December 9 2013 Latest news:
Tuesday, October 22, 2013
The new High Steward of Great Yarmouth has vowed to honour the “great antiquity” of his historic role.
In a formal ceremony at St George’s Theatre in Yarmouth tonight, Henry Cator accepted the office and gave a rousing speech that paid tribute to the people of the borough, it’s history and his predecessor.
“Civic pride matters,” said Mr Cator.
“With so many economic and social changes we need to stand together.”
The post of High Steward in Yarmouth dates back to 1529. It was originally a judicial office that carried considerable local powers, but has become a ceremonial role that is held for life.
Mr Cator, who lives in Salhouse, near Norwich, is currently deputy lieutenant of Norfolk.
He is also chairman of council and trustees at the Royal Agricultural Society of England (RASE), chairman of the British White Cattle Society, and former chairman of the Royal Norfolk Agricultural Association. He was awarded an OBE in 2008 for his services to the community in Norfolk and has worked as a land agent in the county for more than 30 years.
He replaces the late Michael Falcon, former chairman of Norwich Union and Lacons Brewery director, who died in February, aged 85 - 28 years after he became High Steward of Yarmouth.
Addressing councillors, invited guests and members of the public gathered in the grand surroundings of St George’s, Mr Cator said: “It’s with a huge sense of humility that I accept the honour you so generously have conveyed on me.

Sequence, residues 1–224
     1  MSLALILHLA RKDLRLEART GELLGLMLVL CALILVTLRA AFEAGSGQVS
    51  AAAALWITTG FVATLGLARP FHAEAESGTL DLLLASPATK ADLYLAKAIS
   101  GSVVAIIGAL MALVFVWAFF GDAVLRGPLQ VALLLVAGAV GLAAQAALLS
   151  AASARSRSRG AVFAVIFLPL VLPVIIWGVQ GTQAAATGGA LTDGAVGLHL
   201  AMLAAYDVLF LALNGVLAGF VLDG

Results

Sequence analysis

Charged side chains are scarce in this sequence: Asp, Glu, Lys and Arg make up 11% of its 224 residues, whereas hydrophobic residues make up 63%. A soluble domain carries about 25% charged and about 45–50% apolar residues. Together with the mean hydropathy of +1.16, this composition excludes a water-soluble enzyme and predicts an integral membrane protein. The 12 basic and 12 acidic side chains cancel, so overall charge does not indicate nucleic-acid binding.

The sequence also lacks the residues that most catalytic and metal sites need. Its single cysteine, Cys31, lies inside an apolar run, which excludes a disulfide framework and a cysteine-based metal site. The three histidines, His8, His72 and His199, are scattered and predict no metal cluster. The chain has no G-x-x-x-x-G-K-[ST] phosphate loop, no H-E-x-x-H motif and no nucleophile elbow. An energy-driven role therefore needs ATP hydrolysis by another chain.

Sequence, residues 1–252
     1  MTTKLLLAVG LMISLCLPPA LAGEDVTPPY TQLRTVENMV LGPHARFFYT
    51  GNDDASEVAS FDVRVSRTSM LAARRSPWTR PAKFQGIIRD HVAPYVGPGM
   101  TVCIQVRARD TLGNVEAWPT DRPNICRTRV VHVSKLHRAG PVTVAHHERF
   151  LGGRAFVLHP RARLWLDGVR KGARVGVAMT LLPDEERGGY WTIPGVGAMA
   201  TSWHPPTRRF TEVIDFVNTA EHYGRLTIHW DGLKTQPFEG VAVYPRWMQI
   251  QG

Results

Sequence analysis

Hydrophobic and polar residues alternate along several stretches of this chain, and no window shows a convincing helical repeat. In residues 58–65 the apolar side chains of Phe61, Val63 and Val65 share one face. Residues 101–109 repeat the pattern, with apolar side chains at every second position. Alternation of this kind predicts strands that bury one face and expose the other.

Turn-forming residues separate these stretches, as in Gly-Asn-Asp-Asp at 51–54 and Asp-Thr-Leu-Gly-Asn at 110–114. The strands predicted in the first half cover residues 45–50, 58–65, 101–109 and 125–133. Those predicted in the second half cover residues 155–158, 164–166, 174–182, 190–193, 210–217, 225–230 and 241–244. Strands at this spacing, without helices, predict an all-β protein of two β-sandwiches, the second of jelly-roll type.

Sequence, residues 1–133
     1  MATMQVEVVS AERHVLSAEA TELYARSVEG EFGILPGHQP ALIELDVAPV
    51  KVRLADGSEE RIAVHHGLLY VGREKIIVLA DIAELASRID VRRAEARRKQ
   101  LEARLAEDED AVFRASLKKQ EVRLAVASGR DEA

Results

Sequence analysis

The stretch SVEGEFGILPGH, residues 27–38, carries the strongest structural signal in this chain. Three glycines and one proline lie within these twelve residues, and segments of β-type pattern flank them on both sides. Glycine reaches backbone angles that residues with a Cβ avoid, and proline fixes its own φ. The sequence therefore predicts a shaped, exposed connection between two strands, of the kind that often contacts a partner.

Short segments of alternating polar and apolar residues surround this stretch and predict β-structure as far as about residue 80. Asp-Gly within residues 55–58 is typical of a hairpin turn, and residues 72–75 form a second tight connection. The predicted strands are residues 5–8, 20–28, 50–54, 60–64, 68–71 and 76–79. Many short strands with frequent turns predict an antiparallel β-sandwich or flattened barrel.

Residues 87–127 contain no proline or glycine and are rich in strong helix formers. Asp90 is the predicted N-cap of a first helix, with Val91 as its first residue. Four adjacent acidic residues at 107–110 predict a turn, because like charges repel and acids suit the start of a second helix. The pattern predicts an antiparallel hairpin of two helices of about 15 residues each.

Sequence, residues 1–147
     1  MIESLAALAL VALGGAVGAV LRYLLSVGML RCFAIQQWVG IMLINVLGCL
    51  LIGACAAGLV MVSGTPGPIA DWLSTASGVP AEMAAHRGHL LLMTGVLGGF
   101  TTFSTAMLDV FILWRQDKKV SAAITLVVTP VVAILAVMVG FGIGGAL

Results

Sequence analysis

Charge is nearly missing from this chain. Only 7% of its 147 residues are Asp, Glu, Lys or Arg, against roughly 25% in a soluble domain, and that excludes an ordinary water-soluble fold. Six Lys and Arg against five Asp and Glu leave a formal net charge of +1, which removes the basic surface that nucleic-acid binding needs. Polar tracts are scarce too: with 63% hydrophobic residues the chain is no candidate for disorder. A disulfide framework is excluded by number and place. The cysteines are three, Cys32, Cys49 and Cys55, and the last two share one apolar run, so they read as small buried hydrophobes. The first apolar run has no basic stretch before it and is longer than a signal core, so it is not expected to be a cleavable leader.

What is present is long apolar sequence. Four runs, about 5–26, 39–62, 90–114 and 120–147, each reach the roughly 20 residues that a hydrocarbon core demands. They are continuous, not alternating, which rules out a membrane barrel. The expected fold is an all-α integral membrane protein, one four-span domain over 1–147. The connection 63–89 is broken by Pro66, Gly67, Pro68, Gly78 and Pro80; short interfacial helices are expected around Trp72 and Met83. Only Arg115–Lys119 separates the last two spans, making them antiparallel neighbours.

“The office is, as you have told me, one of great antiquity and far greater men than me have filled this post before me, men who have been imminent in the history of this county and country over many centuries.”
Mr Cator praised the borough’s rich history - it’s role in the herring trade, and it’s strong ties to the sea which, he said, continue today with international firms based in Yarmouth serving the offshore industry throughout the world.
During the meeting, Mayor of Yarmouth John Burroughs presented Mr Cator with a ‘patent of appointment’ as well as the chain of office, donated by the late Mr Falcon’s family.
He was also given a run of Lacons Ale and an ornate ‘herring’ made by local artist Ernie Childs from Great Yarmouth Potteries in a nod to the role’s history.
During the 16th and 17th centuries, it was custom to pay an annual fee of £4 to the High Steward.
In 1663, the Earl of Clarendon complained about the council’s failure to pay his fee, and to ‘salve his wounded feelings’ the council sent him a tun of wine - about 240 gallons, together with the money while a present of fish was also made from time to time.
Over the centuries it has become the custom to present to each new High Steward with representations of those gifts.
Previous High Stewards of Yarmouth include Charles Brandon, Duke of Suffolk and steward of the Kings Household (1529), John Dudley, Duke of Northumberland and Lord High Chamberlain (1552), and former Prime Minister Sir Robert Walpole (1745).